‘Don’t do something just because you feel obligated to do so.’
This advice is advice I’m trying to teach myself to take, but it’s taking practice. I first heard these words of wisdom at Ruby On Rails. This was one of the girls on the panel's advice for a young or inexperienced person going into the tech industry. However, I think it applies to life as well.
So often we start doing things that brutally tax our energy and attention, just because we feel obligated. If you’re in the corporate world, you will know that feeling of sitting in a meeting and wondering why you’re there well.
My first issue with taking this advice is how do I distinguish between feeling obligated and feeling slightly annoyed that I need to do something, but it’s a something that’s actually going to help me, so I should actually probably do it.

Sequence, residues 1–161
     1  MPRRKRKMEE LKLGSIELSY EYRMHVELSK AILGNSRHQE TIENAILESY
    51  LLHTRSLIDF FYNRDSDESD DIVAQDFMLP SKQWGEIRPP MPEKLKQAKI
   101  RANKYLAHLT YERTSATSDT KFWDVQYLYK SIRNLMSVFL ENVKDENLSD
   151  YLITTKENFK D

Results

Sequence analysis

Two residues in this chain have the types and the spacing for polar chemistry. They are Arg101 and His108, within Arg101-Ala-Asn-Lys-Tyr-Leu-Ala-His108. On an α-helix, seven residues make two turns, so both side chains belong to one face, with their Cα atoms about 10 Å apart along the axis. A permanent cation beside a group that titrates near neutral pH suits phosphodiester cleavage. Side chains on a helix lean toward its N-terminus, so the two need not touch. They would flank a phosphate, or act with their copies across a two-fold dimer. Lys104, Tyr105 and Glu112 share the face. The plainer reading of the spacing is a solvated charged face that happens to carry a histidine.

‘Oh, I feel obligated to get out of bed today, so I'm not going to. Ha, take that system.’
Because I’m obligated to both go to a useless meeting and get out of bed, but one is actually helping me become a better person, and the other is not.
So I decided there are two ways to go about understanding this advice.
Decide that all feelings of obligation are social bullying and rebel against the system by quitting my job and running naked in the forest, buying a surfboard and shaving my head so I can get a head and neck tattoo.
Decide that obligation is actually quite a useful tool if you don’t let it bully you.
Surprisingly, I am trying to incorporate the latter into my life, although option one is looking more and more inviting and will probably happen at some point.
You can feel obligated to do something. Visiting the parents, calling your mum, going to that meeting, but don’t be bullied.
Only use obligation as a tool to prioritise tasks, depending on your situation.